Even though I haven’t lived in my first house in Western Springs in a handful of years, it’s still kinda felt like mine all this time. Until now, as it’s been sold to a new family.
It feels like the passing of an era; more permanent than when I first moved from the house to my little out-of-the-way corner farther from town. Someone will change the landscaping. Someone might take down the shutters, or paint them a different color, or put in a new front walk, which I’d always intended to do.
I’ve been in this town for just shy of 19 years. That’s nearly half my life! It’s the entirety of my kids’ lives. These years have passed so quickly, but have stretched an eternity. Time is a funny thing, isn’t it?
I know I’ve written before about how much this town has changed since I moved here. I did so much of my shopping uptown — my kids’ shoes were always bought at Carousel Shoes, my son hopping on board the ancient pedal-powered merry-go-round in the middle of the store and driving it so fast it threw kids overboard (yes, we got kicked out of the store a couple of times). Used to be there would be a line out the door at Casey’s when the dinner hour neared, but that’s because it had not yet expanded into the two storefronts formerly occupied by the Pretty Penny, which was the place to go when you needed white gloves or support hose.
I feel such gratitude for having had the opportunity to spend most of my adult years here. When we moved to town, we were welcomed with open arms. Lovely, wonderful neighbors who became lifelong friends. Fellow parents from way down the block who helped to keep an eye on our kids, who hustled down the block after my speedy son who’d outrun me on his tricycle, or who would be making his way home with blood coming from one childhood wound or another, receiving amateur medical care all the way home. Neighbors who rerouted my wandering, daydreaming daughter. Groups of kids of all ages who played together at dusk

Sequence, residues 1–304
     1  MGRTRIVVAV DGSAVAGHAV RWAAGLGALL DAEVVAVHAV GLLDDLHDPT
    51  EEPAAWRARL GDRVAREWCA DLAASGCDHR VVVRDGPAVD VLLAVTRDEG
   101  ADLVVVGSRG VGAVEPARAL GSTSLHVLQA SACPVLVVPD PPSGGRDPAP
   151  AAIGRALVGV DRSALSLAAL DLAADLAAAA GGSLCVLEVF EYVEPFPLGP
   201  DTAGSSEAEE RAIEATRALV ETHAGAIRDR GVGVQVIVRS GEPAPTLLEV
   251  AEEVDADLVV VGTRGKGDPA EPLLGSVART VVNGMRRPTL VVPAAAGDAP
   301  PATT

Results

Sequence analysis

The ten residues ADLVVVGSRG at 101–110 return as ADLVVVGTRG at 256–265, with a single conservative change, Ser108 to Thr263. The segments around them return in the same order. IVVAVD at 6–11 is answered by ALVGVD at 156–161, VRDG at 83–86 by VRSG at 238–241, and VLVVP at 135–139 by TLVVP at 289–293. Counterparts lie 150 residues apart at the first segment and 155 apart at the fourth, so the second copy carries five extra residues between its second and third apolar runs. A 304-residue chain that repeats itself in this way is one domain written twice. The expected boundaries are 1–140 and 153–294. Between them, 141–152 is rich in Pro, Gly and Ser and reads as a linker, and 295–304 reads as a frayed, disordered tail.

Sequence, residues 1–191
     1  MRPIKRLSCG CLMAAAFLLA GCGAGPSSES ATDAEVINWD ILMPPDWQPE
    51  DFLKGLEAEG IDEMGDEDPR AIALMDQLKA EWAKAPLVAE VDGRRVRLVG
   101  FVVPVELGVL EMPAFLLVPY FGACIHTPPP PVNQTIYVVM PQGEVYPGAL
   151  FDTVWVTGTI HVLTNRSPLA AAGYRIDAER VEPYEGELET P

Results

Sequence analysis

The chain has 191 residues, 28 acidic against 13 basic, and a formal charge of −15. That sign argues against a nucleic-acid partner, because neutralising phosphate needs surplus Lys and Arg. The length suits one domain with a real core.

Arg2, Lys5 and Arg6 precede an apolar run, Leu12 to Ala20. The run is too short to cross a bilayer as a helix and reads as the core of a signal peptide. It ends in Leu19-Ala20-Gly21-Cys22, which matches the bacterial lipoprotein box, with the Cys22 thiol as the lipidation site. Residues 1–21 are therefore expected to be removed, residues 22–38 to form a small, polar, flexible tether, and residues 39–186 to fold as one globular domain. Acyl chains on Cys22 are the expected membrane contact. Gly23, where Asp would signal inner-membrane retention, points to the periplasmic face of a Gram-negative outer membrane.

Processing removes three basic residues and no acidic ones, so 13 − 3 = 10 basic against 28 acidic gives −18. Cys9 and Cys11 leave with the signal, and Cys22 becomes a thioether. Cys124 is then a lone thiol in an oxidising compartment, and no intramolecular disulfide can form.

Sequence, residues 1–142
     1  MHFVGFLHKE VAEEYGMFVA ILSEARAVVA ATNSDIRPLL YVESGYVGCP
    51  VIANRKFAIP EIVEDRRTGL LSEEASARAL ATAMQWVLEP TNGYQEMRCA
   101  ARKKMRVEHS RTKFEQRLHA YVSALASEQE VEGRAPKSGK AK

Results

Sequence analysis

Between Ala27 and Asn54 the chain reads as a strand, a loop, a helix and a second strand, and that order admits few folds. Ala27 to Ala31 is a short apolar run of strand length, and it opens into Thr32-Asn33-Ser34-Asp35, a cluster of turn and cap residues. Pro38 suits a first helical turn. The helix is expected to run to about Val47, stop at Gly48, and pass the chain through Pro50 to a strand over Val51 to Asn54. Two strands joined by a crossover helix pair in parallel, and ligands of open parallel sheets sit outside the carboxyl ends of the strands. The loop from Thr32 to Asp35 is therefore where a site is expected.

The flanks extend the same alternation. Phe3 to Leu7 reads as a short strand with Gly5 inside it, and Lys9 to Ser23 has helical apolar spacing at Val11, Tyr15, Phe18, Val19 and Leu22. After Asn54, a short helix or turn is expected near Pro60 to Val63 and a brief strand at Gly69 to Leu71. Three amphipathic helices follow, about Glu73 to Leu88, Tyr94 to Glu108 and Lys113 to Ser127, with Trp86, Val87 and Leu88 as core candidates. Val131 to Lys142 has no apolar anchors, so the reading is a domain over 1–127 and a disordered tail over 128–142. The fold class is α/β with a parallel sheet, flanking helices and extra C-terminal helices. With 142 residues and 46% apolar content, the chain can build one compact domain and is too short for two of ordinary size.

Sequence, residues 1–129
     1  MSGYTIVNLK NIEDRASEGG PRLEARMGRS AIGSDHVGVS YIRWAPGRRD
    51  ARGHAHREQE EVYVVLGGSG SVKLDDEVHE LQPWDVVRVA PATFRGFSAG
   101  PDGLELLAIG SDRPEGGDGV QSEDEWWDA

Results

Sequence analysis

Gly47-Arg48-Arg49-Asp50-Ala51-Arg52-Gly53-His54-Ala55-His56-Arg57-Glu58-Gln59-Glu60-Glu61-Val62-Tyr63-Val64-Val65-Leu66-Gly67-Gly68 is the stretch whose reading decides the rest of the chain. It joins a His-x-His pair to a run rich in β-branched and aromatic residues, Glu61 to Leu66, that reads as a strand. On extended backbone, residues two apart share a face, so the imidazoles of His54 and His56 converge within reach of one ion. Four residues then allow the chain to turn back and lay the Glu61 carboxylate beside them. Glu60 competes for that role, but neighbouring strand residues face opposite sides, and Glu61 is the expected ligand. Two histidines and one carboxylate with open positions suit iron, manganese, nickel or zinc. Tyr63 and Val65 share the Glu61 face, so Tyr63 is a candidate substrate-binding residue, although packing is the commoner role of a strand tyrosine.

The ones who kept a stash of full-sized candy bars just for the trick-or-treaters from the neighborhood. The neighbors who organized campaigns for us to “adopt” families in need for the holidays, and who had everyone over to wrap presents and enjoy one another’s company.
The keepers of the block party tug-of-war ropes. The fillers of thousands of water balloons. The dads who pulled the elicit water-balloon sling-shots from the upper reaches of their front hall closets for water balloon wars.
The winter-time progressive dinners. The neighbor who gently broke the news that our cat had gotten out when we were out of town and had been hit by a car. The multiple neighbors who called to alert us that our dog had escaped, and who always helped us corral him.
Of all the stuff I love about Western Springs, it’s the people I love the most. I hope the next inhabitants of my first house find the same kind of love and welcome that I did.Tags: Viki Gonia, Water Tower Talk